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Education doesn’t stop at high school

Does Hollywood portray a version of life? Speaking with a resident the other day, we found a common bond discussing a TV show that began and ended before I was born. I presume the resident was raising children during this time. From 1957 to 1963 “Leave It to Beaver” portrayed a different America from today. Family, parents, children and social responsibility had defined identities. Good, bad or indifferent, it was a vision that reminds me of Boulder City.

During the past week, I had the pleasure of speaking with a few children in need. It seems some of our kids fail to realize the benefit of attending school. As I told these youngsters, education is one thing no one can take away from you. Just as the resident told me during our conversation, “We began to fail as a nation when we stopped investing in education.”

Education goes beyond high school. It’s our responsibility to be educated and impress that ideal of knowledge on our children. It’s just as important for us to be educated about laws. Nevada statutes inform us about the requirements of parents and students regarding school attendance. So please make sure the kids attend school and are well-behaved. I admonished the children I spoke to by telling them to go to school because the school building I could take them to had bars and no recess.

“Control, 269 we’ll be in service. The bells about to ring.”

Sunday, Oct. 6. Officers are out with a subject who was sleeping in front of Ace Hardware. The residentially challenged subject missed Art in the Park and camping supplies at Ace. It is 2 a.m. Our friend is provided a courtesy trip a little closer toward his final destination, Arizona.

Monday, Oct. 7. The witching hour has arrived and a caller reports seeing a backpack near a new bicycle, with no one around near Capri Drive. Officers make contact with a subject who has been convicted for theft and drug use.

Well, the prowler went to jail for prowling and possession of illegal drugs. Dependent behaviors involving negative practice will never produce positive outcomes. Guess this person hasn’t learned that.

Tuesday, Oct. 8. It’s lunch time and officers are with a suspicious subject near New Mexico and Cherry streets. A records check of the subject reveals the big W — no kin to a former president. No, the subject is wanted on a warrant. Lunch is provided compliments of the Henderson Detention Center.

Wednesday, Oct. 9. A bona fide boxing competition is allowed per Nevada statue. But a fight involving two women near homes behind 7-Eleven on Nevada Way isn’t a good thing. Egos got in the way and after a couple of blows, one bit the other’s finger, all the way to the bone. Ouch! Thank goodness they build big jails.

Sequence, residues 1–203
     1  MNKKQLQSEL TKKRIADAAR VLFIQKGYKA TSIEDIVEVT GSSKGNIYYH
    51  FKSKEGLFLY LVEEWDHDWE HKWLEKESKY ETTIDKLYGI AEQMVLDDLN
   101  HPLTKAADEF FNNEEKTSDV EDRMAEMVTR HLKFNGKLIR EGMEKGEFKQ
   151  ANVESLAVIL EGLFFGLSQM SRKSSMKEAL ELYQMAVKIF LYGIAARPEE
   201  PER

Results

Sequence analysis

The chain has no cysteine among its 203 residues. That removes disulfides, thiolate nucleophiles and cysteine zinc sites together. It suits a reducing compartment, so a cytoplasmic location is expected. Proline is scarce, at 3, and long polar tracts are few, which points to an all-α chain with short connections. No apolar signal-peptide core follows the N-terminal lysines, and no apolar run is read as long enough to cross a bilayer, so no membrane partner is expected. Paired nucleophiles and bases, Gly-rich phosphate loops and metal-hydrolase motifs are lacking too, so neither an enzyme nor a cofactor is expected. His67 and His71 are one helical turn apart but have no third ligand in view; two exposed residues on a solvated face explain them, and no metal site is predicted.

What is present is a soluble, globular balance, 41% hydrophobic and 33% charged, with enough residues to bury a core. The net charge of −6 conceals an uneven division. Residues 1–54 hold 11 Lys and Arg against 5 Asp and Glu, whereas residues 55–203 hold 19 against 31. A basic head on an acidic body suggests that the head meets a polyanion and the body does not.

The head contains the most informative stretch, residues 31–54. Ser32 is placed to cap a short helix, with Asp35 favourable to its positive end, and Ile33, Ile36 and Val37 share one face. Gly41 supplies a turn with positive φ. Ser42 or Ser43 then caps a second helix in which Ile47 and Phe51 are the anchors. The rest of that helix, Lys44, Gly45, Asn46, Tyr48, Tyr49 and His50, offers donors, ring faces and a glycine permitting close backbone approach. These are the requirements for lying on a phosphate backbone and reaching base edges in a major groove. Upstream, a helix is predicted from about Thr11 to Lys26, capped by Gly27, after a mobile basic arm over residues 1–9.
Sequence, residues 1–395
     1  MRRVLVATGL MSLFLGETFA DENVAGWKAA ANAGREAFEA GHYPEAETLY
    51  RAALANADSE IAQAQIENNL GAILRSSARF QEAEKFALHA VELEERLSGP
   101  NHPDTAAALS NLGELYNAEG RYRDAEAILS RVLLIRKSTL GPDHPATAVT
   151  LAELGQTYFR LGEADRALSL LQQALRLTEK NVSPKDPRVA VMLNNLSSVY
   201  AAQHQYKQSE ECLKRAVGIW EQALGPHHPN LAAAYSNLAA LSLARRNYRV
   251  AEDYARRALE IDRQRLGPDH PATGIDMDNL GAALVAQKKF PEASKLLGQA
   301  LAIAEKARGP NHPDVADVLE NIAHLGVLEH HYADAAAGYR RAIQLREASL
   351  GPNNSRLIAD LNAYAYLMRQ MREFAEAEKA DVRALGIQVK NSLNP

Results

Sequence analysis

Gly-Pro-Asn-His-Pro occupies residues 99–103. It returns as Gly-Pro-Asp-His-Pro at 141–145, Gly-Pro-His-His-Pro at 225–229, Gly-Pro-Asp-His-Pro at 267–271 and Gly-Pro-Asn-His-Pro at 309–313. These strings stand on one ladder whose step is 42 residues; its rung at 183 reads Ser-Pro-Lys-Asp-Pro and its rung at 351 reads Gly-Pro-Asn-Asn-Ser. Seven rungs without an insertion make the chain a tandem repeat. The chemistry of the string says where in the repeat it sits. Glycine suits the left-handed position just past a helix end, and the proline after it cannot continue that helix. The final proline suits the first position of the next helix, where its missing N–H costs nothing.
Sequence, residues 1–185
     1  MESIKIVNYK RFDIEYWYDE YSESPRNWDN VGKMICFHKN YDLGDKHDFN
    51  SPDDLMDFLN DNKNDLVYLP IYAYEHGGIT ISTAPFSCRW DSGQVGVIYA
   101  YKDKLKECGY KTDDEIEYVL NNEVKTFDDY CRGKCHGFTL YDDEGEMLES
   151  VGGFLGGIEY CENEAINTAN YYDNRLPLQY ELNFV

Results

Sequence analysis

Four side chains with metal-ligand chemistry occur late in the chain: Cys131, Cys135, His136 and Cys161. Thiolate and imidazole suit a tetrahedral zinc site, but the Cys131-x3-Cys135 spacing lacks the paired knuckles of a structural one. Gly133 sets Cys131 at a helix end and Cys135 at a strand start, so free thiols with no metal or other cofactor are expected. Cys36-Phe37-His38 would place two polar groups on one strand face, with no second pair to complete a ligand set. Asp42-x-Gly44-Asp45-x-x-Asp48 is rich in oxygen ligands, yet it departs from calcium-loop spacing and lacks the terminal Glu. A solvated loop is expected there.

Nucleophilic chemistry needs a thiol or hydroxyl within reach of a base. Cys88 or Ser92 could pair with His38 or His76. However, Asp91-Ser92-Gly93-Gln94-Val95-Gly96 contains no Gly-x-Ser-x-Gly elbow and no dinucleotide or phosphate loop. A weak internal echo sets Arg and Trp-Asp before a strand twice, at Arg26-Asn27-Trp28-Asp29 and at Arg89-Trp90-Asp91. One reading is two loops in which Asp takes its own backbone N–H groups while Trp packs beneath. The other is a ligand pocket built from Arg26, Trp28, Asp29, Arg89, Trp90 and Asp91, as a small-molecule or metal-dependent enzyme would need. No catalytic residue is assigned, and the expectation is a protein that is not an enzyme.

Thursday, Oct. 10. Officer sees a clue. He slows down and the driver makes a quick right turn, no turn signal. Patience pays off as the officer goes straight and makes the next right. They meet again. The story is shaky, kind of like the driver’s hands. Officer has probable cause to search and the K-9 partner is off. A sniff here, a sniff there. Bingo! No, that’s not the dog’s name. The methamphetamine is located. Clark County Detention Center has no shortage of rooms.

Friday, Oct. 11. Traffic stops were the call of the day. It seemed like taking candy from a baby. One passenger was arrested for illegal narcotics, another driver for DUI, another for driving on suspended registration. Even a walker was stopped and arrested for ex-felon fail to change address. And that was during the day. Trying to keep the streets safe, it’s a great calling!

Saturday, Oct. 12. Believe it or not, sometimes officers stop subjects for a somewhat minor violation and end up with an arrest. The law does not discriminate. Case in point: Officer stops a person for a suspended vehicle registration near Albertson’s. Not only that, the driver is checked and she has an active warrant.

It gets worse. After being arrested, she is searched and the officer finds her in possession of methamphetamine. The interesting dynamic in all this, the arrestee could have been anyone’s grandmother.

A safe week at work is always a great ending! Next week we’ll do it all over again. I hope everyone is getting ready for Halloween. I have my costume.

Officer Jeffrey Grasso is a 10-year veteran of the Boulder City Police Department. He previously served as a police officer in south Florida for four years.

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